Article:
Should states spend billions to reduce class size? That’s the question Amelia Thomson DeVeaux of the popular data and statistics web site Five Thirty-Eight asks in an article of the same name. Thomson-DeVeaux tells the story I-1351, a controversial $5 billion ballot initiative approved in Washington State to limit class size.
Thomson-DeVeaux’s analysis is refreshing. She plows past the intuitive appeal of the class size argument to discuss some of the real-world implications and trade-offs that policymaker’s inevitably face when they debate class size. She asks the key question: is it worth it?
But cutting class size isn’t the cure-all some make it out to be. Class-size reductions make sense intuitively – in smaller classes, kids get more attention, distractions are reduced and working conditions are improved. Many economists and education policy experts say, though, this isn’t a case where the common-sense fix is guaranteed to be the best fix. . .
I think class-size reduction is a smart and sound policy in lots of cases,” said Diane Whitmore Schanzenbach, an associate professor of human development and social policy at Northwestern University. “But as an economist, I have to think about what would be the best use of the next dollar spent, and for an across the board reduction of this magnitude, the evidence just isn’t there.
Thomson-DeVeaux notes class size reduction policies can have unintended consequences.
Eric Hanushek an economist at the Hoover Institution of Stanford University notes that programs to reduce class size could have the result of reducing teacher quality. “This isn’t about hiring high quality teachers, its’ about hiring more teachers, and that means we’re going to see a lot more inexperienced teachers in the classroom.”. . .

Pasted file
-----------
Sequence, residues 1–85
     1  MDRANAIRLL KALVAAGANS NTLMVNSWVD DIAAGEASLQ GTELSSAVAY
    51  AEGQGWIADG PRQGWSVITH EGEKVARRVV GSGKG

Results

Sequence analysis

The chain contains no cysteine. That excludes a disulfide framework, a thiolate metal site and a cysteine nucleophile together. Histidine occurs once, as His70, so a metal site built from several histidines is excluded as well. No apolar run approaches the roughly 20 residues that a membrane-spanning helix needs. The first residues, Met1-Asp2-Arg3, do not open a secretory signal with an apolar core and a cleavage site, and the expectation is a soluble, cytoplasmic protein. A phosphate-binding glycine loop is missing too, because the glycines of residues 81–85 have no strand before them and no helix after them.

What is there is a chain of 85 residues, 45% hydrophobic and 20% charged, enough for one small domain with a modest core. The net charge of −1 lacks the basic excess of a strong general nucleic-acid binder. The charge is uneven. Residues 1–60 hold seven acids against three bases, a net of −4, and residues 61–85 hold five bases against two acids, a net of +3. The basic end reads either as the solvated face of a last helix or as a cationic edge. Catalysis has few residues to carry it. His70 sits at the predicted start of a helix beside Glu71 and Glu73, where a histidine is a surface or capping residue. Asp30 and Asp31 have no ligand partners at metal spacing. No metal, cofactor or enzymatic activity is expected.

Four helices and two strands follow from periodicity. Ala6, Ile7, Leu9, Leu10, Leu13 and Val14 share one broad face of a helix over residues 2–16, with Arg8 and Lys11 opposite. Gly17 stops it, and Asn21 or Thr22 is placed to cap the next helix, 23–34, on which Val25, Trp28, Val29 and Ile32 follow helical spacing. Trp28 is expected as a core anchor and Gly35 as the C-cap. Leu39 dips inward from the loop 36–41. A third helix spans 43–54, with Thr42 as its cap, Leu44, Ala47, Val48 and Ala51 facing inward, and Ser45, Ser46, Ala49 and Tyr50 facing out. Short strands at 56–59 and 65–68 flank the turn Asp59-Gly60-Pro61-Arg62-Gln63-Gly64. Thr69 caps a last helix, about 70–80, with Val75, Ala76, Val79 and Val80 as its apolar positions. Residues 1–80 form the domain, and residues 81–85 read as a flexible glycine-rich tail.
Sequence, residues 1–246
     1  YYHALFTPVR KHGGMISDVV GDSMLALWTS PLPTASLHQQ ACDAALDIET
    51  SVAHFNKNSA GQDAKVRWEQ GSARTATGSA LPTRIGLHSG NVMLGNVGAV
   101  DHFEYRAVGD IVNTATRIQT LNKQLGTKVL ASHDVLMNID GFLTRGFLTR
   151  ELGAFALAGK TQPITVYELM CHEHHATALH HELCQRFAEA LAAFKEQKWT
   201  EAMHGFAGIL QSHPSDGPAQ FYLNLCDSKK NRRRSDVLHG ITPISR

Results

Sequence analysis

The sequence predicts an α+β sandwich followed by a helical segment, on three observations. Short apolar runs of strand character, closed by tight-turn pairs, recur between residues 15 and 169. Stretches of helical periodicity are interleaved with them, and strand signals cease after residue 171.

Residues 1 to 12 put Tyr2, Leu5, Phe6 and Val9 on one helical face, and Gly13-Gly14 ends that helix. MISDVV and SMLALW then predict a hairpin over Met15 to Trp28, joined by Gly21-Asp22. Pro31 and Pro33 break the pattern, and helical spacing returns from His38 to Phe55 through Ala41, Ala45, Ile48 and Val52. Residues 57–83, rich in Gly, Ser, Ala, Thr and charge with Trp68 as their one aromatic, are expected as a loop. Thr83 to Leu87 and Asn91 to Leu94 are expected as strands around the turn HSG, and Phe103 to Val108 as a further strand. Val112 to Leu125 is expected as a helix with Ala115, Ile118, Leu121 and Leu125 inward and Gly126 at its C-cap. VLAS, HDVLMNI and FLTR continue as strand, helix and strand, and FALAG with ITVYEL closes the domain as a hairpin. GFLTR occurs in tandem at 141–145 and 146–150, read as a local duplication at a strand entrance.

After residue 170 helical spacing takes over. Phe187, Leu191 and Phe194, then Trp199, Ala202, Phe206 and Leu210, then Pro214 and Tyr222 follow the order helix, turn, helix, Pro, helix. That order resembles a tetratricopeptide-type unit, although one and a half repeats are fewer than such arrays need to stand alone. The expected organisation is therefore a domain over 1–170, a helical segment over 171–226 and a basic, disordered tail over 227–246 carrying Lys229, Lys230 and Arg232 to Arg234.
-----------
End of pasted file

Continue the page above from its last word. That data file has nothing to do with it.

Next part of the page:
In a recent survey conducted by EducationNext suggests that Washington voters might not have passed I-1351 if they had been given more information about relative costs. In the survey, half of respondents were asked if they favored government spending on class-size reduction, increasing teacher salaries, or buying new books and technologies. A plurality (46 percent) supported class-size reduction. The other half of the sample was asked to make the same decision – but respondents were also told that “reducing average class size by three students would cost roughly the same amount as increasing teacher salaries by 13 percent or buying $10,000 in new books and technologies for each class every years.” Among this group support for class-size reduction dropped by more than 10 percentage points.”
Obviously class size is an important factor when discussing education policy. However context must accompany any discussion. Theoretical discussions can be left behind. It’s important to realize the government only has so much money to spend. Broad across the board policies like class size reduction offer an intuitive appeal. However policymakers must ask: is this the best use of the next available dollars? Regrettably, considering the wide variation among districts, teachers and students the answer to that question is frequently no.